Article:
The Gospel-believing Christian In the Midst of Legalism
By the iMonk. Great, comprehensive post on an issue that I don't currently have a lot of direct exposure to, but then I'm probably in a category of about .5% of the population of Christians. Here is my thought on legalists:
Because no Christian with any conscience whatsoever would outright deny the Gospel, the legalist decides there must be amendments to it. It goes something like this: "You're saved and all, and God loves you, and Jesus died for your sins, but now you need to change."
As someone has put it: If you're saying "yeah, it's by grace alone, but..." then you don't believe it's by grace alone.
Because you're endorsing a system that assumes the Gospel has the power to forgive your sins, and usher you into heaven after you die, but something else is necessary for compelling obedience to the Lord's commands, sanctification, being a faithful disciple, or transforming the culture. So when Christians become saved by the Gospel but do not then exhibit perfect behavior, the Gospel is jettisoned, and a new method is taken up- that of laying out expectations for how they will act, issuing behavioral imperatives, the use of guilt and fear as motivators, 12-step programs. The needed paradigm shift for the legalist is that the Gospel is all-sufficient in its power. That is it not only erases guilt for past sin, but liberates from future sin as well.
A popular version of this in Charismatic circles is to come upon some Magickal Procedure(i.e. "there's this secret prayer hidden in the Old Testament, full of power to liberate you and meet all your needs!) needs to take place in order to gain success. Often there is a special timeframe attached to the magic spell also(Pray this prayer..........NOW!!).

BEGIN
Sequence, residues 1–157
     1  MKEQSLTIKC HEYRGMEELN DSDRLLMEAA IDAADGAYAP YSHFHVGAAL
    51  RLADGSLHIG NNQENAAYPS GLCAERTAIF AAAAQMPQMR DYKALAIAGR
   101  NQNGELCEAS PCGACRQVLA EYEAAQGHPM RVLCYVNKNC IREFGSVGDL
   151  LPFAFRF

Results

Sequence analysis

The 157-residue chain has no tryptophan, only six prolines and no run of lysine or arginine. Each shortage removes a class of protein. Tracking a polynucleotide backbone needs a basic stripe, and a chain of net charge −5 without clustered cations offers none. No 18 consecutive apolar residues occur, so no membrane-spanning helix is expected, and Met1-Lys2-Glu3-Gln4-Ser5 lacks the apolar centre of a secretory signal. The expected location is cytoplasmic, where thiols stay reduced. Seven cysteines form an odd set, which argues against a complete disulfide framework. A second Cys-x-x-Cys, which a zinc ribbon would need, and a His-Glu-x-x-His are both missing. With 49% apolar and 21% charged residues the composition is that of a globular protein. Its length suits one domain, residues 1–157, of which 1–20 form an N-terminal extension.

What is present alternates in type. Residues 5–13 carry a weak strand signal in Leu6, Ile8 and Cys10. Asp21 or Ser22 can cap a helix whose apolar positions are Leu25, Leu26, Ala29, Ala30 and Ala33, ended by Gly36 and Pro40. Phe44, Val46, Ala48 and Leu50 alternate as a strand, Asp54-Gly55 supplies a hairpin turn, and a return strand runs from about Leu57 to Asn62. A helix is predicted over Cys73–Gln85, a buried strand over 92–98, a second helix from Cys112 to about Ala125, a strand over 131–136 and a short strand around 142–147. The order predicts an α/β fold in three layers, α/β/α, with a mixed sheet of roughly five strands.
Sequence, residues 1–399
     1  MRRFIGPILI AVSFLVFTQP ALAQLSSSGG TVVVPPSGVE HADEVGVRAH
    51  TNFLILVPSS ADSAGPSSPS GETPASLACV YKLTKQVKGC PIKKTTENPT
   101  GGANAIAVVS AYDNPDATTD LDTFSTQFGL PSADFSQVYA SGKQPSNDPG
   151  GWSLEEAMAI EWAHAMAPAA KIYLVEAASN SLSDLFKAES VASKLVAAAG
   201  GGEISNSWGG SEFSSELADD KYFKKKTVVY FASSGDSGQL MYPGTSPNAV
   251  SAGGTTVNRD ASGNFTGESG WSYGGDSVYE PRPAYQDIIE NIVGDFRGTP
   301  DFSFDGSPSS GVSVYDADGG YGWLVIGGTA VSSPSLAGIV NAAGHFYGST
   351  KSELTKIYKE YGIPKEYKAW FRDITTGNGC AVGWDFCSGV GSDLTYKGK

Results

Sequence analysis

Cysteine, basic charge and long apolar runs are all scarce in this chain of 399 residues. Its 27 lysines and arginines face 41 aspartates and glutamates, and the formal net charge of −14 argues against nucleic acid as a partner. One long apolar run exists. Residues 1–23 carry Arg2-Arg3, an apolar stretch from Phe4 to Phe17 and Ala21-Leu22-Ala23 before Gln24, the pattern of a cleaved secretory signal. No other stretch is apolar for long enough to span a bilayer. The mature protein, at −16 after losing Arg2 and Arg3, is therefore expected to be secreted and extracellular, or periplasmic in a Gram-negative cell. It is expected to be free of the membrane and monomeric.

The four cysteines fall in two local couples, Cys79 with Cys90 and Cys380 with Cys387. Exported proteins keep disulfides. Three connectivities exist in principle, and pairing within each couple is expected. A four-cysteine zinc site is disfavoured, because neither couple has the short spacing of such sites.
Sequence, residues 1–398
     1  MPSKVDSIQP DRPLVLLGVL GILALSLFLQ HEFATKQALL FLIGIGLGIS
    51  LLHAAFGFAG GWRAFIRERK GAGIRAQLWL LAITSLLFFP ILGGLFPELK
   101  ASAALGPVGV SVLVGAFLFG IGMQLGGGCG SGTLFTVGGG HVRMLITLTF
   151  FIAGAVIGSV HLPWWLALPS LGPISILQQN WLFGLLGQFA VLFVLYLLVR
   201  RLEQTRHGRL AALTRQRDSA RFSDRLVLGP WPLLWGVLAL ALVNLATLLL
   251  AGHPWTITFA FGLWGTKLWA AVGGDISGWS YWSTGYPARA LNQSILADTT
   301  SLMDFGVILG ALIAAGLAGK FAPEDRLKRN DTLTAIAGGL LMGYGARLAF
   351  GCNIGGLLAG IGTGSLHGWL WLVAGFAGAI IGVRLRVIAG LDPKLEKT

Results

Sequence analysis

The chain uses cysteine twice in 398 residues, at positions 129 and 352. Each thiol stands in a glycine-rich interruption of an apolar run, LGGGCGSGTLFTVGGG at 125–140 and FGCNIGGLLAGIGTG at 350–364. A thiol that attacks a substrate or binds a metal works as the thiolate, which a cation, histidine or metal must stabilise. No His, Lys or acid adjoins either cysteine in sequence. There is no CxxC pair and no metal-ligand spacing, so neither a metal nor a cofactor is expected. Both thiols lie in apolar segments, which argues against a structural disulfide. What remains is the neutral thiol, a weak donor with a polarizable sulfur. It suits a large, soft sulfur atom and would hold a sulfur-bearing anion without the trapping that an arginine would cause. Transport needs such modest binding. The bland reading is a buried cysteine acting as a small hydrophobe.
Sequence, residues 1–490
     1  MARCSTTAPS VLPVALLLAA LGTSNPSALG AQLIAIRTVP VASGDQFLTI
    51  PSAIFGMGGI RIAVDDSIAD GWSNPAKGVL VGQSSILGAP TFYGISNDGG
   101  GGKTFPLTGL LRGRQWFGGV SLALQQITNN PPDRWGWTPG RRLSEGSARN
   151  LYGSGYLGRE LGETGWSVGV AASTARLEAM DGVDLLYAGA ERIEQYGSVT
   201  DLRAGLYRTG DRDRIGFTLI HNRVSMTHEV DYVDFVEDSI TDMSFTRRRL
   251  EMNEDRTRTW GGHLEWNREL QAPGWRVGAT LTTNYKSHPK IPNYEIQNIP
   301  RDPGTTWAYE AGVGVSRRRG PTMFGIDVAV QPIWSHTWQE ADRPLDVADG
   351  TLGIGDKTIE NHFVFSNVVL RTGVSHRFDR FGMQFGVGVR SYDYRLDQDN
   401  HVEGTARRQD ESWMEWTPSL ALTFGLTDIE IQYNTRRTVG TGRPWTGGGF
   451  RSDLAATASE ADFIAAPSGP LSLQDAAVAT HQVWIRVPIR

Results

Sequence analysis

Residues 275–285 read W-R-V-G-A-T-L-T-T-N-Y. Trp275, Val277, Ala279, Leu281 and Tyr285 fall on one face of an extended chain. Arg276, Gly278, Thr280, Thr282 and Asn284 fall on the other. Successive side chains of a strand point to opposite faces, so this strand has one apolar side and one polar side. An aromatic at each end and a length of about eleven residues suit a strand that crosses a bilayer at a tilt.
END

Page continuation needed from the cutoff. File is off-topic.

One last popular lie: Legalism, or at least a swing in its direction, is an appropriate reaction to seeker-sensitive ideas, or those who are "soft on sin." But still, somehow, this assumes that the answer to licentiousness is a "balance" to be gained through greater use of law. But it seems Biblically that the Gospel is useful not only to transform those bound under the Law, but also those who observe no law but their own lusts. In fact, a million dollars goes to the one who can find a Bible passage implying that too much grace enables licentiousness. The Gospel is always the needed antidote. Please invent no other.
In other words, people who think the Gospel is a good tool for some purposes and times but other tools are needed as well, probably don't know what the Gospel is. Teach them.
P.S. Just looked at an ad for 23 Minutes in Hell by Bill Wiese: "God allowed Wiese to spend time in the devil's lair, and now he shares what he saw, heard, and felt." In the reviews, people are eating it up. Ahem. I may be accused of jumping to conclusions for never having read this book. But the above statement is almost certainly a lie, and the premise of the book- no doubt to frighten believers out of backsliding and unbelievers out of unbelief- is Exhibit A of Gospel +__________. Unbelievable. The Gospel really is enough.